“Exposing Muybridge” at DOC NYC November 10-28, 2021 (Wendy Moscow)
Actor Gary Oldman, Muybridge enthusiast
Adventurer, scientist, photographer, artist and someone who literally gets away with murder, Eadweard Muybridge (b.1830), best known for his revolutionary stop-motion studies of galloping horses, had a rambunctious life of mythic proportions. “Exposing Muybridge” engages historians and Muybridge enthusiasts (including the actor Gary Oldman), interviewed in what looks like an abandoned barn (an effective atmospheric nod to the past), to tell the tale with rollicking enthusiasm and obvious affection. Archival photos and beautifully executed recreations of the subject’s zoopraxiscope animations nicely move the story along. Director Marc Shaffer painstakingly created contemporary sequences emulating Muybridge’s motion studies work that give the film an immediacy that pulls the viewer into that time and place (by now, the 1870s). We relive the “magic” of what he accomplished.
From the time of his childhood, Muybridge was afflicted with delusions of grandeur – which would be laughable, except that he did achieve greatness. His invention of a way to take lightening-quick sequential images, ostensibly for the exclusive use of scientists studying movement, has implications that still echo today. (“Ostensibly” because, as the film brings out, there was some prurience involved, and the compilation was rather chaotic and not in any sort of scientific order.) He paved the way for the development of movies and enabled artists to accurately depict frozen motion. Special effects, such as the “bullet-time” shots in “The Matrix” showing one moment in time from different angles, would have been inconceivable without his pioneering work. And how many people have that iconic image on their walls of the horse caught mid-air, legs folded beneath him, proving that all four legs leave the ground during a gallop?
Before his famous breakthrough, Muybridge began his career as a photographer in the U.S. national parks. Migrating across the ocean from a working class family of barge operators in England, he sought his fortune in the States, becoming well known for his stereo 3D pictures of Yosemite, pictures in which he often appeared – precariously close to precipitous cliff drops. Ahead of his time, he was a risk-taker who was constantly reinventing himself, like Madonna or Lady Gaga. During this period, he called himself Helios, for the god of the sun, and his photos flew out of his “Flying Studio.”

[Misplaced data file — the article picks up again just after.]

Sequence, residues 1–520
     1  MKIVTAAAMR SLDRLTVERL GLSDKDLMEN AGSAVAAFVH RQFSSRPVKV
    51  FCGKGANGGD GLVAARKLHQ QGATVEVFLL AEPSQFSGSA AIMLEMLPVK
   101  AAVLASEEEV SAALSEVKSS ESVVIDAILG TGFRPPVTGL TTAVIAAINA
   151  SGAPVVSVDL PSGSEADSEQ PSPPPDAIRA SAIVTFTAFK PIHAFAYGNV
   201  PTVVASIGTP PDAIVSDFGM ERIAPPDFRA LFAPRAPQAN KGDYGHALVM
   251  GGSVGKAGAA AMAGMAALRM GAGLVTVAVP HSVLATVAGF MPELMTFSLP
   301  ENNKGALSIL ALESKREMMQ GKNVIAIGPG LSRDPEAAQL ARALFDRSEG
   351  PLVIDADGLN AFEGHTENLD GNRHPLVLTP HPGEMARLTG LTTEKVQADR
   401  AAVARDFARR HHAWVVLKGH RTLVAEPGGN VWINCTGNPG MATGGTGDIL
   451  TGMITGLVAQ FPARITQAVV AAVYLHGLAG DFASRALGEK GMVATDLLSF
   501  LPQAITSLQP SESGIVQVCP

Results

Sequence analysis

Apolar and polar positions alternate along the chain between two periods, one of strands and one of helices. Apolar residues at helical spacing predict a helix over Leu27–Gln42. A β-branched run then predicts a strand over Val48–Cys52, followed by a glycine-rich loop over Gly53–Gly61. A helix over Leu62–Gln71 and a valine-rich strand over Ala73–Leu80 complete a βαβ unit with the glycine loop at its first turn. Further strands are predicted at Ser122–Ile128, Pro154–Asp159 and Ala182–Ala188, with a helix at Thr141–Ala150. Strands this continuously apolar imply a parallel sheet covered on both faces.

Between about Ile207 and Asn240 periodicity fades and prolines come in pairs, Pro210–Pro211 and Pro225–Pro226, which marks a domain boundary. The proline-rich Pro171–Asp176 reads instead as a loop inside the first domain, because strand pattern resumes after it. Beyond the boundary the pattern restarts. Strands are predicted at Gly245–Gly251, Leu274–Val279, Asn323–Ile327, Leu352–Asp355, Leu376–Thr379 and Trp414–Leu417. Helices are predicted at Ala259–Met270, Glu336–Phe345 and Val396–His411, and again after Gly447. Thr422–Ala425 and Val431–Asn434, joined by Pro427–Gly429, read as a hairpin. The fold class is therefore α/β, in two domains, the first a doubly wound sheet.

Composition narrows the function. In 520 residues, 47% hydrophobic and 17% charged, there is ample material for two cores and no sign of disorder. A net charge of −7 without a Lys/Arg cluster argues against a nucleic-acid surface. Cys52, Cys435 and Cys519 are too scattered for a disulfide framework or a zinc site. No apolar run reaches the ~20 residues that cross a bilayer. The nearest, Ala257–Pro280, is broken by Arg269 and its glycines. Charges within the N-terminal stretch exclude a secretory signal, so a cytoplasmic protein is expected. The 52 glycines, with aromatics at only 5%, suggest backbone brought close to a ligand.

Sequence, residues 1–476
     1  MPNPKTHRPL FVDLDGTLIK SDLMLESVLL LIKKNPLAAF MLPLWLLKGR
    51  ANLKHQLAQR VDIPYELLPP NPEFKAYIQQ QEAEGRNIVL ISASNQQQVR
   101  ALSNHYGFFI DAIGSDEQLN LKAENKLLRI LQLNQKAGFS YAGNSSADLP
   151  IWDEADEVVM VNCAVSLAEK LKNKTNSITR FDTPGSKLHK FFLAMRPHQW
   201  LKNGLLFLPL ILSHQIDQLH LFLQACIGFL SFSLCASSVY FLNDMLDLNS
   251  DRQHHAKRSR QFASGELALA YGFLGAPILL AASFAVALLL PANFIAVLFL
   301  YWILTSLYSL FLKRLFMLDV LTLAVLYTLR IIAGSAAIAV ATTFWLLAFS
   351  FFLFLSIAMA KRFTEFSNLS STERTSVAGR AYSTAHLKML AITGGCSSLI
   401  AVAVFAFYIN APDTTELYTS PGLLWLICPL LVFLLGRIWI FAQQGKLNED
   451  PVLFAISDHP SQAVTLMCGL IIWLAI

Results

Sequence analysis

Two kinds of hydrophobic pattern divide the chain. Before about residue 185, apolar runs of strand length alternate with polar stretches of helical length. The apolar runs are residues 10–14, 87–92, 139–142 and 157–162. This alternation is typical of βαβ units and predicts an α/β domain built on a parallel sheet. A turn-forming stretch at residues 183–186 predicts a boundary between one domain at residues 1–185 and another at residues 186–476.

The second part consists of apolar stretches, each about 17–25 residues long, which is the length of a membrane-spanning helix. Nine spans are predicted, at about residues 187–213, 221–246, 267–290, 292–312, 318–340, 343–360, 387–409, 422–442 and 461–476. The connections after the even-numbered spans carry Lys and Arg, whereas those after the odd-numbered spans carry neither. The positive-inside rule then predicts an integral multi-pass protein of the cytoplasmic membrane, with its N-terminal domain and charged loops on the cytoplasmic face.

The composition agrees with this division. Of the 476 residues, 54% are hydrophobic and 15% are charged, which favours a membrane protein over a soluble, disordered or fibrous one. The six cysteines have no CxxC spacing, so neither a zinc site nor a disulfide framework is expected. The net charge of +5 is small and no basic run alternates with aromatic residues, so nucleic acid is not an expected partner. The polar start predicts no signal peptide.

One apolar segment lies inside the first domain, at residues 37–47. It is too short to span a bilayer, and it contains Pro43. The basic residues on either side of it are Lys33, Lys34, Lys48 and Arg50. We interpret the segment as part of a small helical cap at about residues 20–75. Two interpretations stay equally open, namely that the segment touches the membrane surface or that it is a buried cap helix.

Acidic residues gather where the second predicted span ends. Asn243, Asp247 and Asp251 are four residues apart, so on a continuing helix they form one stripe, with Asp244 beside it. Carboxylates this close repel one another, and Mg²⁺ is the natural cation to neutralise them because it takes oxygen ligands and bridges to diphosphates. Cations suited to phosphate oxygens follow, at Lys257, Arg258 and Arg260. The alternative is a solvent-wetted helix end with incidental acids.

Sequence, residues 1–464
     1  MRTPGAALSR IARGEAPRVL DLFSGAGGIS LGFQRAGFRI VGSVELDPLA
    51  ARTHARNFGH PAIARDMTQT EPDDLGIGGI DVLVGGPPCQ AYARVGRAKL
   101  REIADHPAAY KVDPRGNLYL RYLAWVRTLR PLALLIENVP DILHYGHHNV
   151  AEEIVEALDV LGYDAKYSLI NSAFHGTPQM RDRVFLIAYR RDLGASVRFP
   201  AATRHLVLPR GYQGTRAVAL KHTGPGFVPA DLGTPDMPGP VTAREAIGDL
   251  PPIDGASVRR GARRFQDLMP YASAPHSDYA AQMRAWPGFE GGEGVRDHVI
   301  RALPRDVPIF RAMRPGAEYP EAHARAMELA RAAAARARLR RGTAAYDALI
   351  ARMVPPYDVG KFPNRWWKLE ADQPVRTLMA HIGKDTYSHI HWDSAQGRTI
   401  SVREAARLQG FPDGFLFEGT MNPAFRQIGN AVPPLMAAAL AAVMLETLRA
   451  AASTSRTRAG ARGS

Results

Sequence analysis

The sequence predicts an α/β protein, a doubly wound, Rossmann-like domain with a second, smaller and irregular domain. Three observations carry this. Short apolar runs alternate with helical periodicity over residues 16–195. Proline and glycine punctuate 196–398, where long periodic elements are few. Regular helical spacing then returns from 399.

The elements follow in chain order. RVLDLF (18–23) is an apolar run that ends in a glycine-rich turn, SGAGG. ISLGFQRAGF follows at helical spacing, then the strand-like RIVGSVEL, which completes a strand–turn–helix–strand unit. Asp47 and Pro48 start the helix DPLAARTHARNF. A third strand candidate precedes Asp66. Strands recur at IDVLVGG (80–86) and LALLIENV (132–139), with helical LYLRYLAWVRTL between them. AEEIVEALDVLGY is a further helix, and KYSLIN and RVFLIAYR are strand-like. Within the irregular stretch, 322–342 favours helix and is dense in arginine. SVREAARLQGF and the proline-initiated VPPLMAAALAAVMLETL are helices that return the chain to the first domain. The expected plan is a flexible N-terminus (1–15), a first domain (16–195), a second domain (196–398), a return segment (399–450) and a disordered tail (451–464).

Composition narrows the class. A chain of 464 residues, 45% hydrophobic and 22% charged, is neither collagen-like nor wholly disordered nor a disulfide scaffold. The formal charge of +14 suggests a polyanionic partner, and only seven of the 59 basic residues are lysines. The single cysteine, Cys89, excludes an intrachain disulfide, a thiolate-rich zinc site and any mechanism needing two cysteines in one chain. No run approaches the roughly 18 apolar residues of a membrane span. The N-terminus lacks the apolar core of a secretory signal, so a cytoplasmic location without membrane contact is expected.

I love the way the director simulates depth when we “view” the stereoscopic images on the big screen. As conventional cinema is a 2D medium, the filmmaker doesn’t have the ability to combine two images taken from slightly different perspectives, as he would have using 3D projection technology (to which the stereoscope is arguably the predecessor). Instead, he generates digital 3D animation in which objects in the foreground appear to move through space against the background.
Editor Elisabeth Haviland James does an amazing job of interweaving archival material with animation and interviews. As the story of the murder builds, it’s as if each teller is in the room, building deliciously on what had been already said, although they were all interviewed separately. Muybridge experts Marta Braun, Amy Werbel, Philip Brookman, Rebecca Gowers, Thomas Gunning and Richard White are all terrific, as are the insights of photographers Luther Gerlach, Mark Klett and Byron Wolfe. Especially moving was Richard Jackson, an Indigenous Tlingit man, who speaks to the deep connection he feels to a photograph he proudly holds of his recent ancestors, made by Muybridge. Muybridge took other, more problematic photographs of Native people that he negatively manipulated in the service of the U.S. government.
“Exposing Muybridge” is an important cinematic addition to the body of documentaries about early photographers, and lets us know that, with all his flaws, volatility and genius, the subject was more than a man who took a picture of a horse.
Posted on November 17, 2021, in DOC NYC 2021 and tagged Amy Werbel, bullet time, Byron Wolfe, Eadweard Muybridge, Elisabeth Haviland James, Exposing Muybridge, Galloping horse motion study, Gary Oldman, Luther Gerlach, Marc Shaffer, Mark Klett, Marta Braun, Philip Brookman, Rebecca Gowers, Richard Jackson, Richard White, The Matrix, Thomas Gunning, zoopraxiscope. Bookmark the permalink. Leave a comment.